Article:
The doctor and the mask: iatrogenic septic arthritis caused by Streptoccocus mitis
A 72-year-old man developed septic arthritis in a prosthetic shoulder after intra-articular injection of radiographic contrast. This is the first published case in which molecular techniques matched oral commensal organisms cultured from joint aspirate with oral flora from the proceduralist, who was not wearing a mask.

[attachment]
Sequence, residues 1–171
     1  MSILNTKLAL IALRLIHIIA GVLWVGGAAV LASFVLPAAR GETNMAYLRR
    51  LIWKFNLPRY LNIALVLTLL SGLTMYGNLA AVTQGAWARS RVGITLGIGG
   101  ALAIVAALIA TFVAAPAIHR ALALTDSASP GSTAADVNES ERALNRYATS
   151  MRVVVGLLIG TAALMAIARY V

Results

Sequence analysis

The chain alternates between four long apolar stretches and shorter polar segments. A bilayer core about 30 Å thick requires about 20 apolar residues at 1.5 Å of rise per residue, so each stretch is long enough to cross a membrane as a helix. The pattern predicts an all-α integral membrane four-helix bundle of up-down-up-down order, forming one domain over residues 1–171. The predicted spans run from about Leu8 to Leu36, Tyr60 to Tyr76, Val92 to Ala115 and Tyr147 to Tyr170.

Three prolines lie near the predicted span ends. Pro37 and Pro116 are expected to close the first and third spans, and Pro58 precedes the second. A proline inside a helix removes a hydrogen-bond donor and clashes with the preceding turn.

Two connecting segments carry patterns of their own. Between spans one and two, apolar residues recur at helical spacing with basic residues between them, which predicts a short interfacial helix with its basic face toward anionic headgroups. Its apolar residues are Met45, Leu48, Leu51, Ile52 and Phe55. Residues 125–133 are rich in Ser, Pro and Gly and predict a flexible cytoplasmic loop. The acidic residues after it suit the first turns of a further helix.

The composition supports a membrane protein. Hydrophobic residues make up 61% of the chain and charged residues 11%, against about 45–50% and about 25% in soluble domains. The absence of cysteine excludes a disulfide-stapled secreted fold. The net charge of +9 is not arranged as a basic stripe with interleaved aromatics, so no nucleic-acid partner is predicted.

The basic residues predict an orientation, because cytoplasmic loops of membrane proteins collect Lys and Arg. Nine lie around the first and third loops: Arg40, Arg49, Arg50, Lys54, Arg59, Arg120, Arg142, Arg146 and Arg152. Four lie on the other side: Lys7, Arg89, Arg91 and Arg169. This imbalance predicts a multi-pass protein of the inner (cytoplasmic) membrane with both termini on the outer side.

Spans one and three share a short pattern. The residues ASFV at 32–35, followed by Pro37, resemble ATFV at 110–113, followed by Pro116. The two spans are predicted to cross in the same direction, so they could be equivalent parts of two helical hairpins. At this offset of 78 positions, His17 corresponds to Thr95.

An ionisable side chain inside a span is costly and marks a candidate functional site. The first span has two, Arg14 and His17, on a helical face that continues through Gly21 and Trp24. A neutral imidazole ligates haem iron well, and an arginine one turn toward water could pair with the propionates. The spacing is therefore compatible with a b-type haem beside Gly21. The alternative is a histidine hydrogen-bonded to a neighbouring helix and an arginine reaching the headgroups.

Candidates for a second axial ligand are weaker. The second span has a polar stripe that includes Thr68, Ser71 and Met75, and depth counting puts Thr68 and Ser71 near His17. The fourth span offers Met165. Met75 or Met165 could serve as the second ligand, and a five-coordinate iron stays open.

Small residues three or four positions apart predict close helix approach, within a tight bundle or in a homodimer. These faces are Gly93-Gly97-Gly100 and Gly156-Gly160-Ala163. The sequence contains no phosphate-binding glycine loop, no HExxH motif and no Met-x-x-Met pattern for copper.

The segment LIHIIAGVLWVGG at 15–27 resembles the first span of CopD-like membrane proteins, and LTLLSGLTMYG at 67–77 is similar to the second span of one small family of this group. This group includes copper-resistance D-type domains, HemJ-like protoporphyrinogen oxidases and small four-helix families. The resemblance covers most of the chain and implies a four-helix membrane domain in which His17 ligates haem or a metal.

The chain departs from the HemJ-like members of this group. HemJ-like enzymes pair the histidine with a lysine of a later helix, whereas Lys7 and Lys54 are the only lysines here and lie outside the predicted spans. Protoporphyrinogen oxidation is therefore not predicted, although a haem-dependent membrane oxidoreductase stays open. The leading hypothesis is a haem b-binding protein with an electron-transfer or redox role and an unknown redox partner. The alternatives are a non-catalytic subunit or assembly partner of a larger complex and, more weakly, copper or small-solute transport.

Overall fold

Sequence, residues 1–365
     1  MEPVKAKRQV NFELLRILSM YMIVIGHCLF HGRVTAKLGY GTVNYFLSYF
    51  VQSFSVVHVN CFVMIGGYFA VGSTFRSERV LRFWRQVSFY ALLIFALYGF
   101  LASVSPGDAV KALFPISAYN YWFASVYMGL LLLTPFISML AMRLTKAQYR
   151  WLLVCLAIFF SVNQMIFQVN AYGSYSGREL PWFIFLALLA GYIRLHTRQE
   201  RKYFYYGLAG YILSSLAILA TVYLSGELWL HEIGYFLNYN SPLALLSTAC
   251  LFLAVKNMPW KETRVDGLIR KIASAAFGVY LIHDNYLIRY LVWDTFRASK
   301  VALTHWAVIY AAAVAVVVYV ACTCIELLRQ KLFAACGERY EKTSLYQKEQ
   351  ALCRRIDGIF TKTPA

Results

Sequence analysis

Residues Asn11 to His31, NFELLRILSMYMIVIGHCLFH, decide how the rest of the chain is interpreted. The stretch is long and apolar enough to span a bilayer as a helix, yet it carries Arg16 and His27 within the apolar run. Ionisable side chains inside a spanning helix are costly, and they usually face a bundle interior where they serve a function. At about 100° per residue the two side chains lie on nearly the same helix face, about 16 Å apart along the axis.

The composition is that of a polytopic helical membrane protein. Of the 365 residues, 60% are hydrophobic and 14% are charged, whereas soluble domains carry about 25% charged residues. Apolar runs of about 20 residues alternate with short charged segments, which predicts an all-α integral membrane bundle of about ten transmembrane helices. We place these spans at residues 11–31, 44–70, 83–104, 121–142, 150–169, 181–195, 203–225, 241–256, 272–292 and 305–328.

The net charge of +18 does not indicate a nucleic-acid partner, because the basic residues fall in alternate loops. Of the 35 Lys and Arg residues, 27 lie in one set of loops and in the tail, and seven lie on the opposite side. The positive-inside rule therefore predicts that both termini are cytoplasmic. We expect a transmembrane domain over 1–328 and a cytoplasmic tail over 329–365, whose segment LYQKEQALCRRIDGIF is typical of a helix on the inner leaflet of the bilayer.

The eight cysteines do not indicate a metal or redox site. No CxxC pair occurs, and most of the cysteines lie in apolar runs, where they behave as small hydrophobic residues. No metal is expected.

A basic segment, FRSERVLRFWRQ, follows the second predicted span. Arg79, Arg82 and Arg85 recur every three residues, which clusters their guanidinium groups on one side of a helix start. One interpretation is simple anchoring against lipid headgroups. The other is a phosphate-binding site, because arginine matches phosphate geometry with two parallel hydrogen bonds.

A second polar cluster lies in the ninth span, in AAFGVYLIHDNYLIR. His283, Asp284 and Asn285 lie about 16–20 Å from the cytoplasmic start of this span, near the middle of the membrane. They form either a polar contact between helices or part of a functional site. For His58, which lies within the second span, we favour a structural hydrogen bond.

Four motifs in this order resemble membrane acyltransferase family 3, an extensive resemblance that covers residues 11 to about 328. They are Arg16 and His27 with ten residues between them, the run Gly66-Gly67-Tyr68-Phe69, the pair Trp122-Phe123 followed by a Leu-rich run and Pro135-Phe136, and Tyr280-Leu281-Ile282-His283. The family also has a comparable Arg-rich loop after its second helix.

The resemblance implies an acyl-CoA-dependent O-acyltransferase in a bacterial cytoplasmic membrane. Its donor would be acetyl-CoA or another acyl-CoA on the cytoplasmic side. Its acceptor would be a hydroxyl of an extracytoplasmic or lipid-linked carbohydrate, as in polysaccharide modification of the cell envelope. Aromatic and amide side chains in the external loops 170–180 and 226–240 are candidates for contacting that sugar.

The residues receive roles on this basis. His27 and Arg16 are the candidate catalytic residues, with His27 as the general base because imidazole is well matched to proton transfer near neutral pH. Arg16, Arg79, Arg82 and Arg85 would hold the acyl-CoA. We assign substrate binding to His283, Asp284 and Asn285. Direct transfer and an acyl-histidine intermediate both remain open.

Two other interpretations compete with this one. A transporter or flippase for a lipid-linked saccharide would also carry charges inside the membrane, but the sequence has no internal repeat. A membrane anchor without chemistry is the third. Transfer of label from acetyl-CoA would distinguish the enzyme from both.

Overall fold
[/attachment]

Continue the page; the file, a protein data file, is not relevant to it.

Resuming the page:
In the 6 months before presentation, the patient experienced increasing pain and decreased range of movement of the right shoulder. Four days before presentation, a computed tomography (CT) arthrogram of the right shoulder was performed to look for glenoid osteolysis and assess the linear integrity of the shoulder prosthesis. Eight millilitres of radiographic contrast with bupivacaine were injected into the joint space. The proceduralist used an aseptic technique and skin preparation with 0.5% alcoholic chlorhexidine, but did not wear a mask. Within 24 hours, the shoulder pain dramatically worsened and the range of movement became severely impaired.